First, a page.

The only sign that something was awry on the afternoon of November 28, 1969, in the cramped library at Pennsylvania State University was the sound of falling books.
There wasn’t a struggle to be heard, not even a scream.
But that afternoon, about 4.45pm, 22-year-old graduate student Betsy Aardsma was stabbed to death between two rows of floor-to-ceiling bookshelves.
Only, it wasn’t until hours later that doctors realised what killed her. Nobody could see she had a knife wound. Most of the bleeding was internal, and what little blood did seep out was camouflaged by her red dress. Her hands also showed no defence injuries. Shrouded in mystery, it’s a case that still haunts the community. And 49 years later, police are still searching for the murderer.
On the morning of Betsy’s death, she woke up in the dorm room she shared with fellow student Sharon Brandt and began her day the way she always did: by writing a letter to her boyfriend David Wright. It was the last one she’d ever write.
Later that day, about 4pm, she and Sharon headed over to the library to do research for a project. When they arrived, they went their separate ways.
Betsy first visited the office of a chief bibliographer before heading to the second level to grab a book she needed. There were only about 90 people in the building at the time, as it was the day after the Thanksgiving holiday.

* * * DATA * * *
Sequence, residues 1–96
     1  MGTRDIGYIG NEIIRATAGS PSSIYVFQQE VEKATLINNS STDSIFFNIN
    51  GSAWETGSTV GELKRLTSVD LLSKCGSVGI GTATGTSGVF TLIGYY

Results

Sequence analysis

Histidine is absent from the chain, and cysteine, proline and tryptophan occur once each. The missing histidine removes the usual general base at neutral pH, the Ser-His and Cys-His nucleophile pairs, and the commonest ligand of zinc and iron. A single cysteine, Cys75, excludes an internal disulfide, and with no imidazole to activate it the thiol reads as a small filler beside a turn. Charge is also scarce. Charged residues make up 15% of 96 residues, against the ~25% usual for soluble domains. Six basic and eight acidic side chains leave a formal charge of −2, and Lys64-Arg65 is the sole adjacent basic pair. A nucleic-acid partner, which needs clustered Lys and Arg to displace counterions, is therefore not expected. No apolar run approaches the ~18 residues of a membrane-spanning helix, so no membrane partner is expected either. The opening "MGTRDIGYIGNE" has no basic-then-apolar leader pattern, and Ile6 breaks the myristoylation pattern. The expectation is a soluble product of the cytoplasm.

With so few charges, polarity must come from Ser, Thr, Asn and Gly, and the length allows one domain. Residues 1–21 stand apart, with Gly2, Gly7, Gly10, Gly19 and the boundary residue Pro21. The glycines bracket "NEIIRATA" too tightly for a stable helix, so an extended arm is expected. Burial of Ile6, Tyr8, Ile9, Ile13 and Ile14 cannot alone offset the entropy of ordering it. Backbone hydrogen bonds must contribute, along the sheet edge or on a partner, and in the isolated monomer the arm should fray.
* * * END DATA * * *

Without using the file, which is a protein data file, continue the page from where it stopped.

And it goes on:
Betsy went into a passage between bookshelves so narrow, only one person could comfortably pass at a time.
It was here, a space near impossible to escape when confronted, that her killer approached. The autopsy report showed she was stabbed with a blade only about 9-10cm long. The knife pierced her breastbone, severed her pulmonary artery and hit her heart. It’s believed she died within five minutes.
“The findings also suggest that the wound was inflicted with considerable force at the time of a face-to-face confrontation of the victim and the assailant, and that this weapon was held in the right hand of the assailant,” the autopsy report stated.
As Betsy slumped to the floor, pulling books down as she fell, the killer walked away with the knife.
Nobody saw the attack. It was only when a student was told by a man, “somebody help that girl”, that the alarm was raised. The stranger vanished shortly after.
Seeing no sign of foul play, no one at the library could understand why Betsy had suddenly collapsed, figuring she might have simply fainted.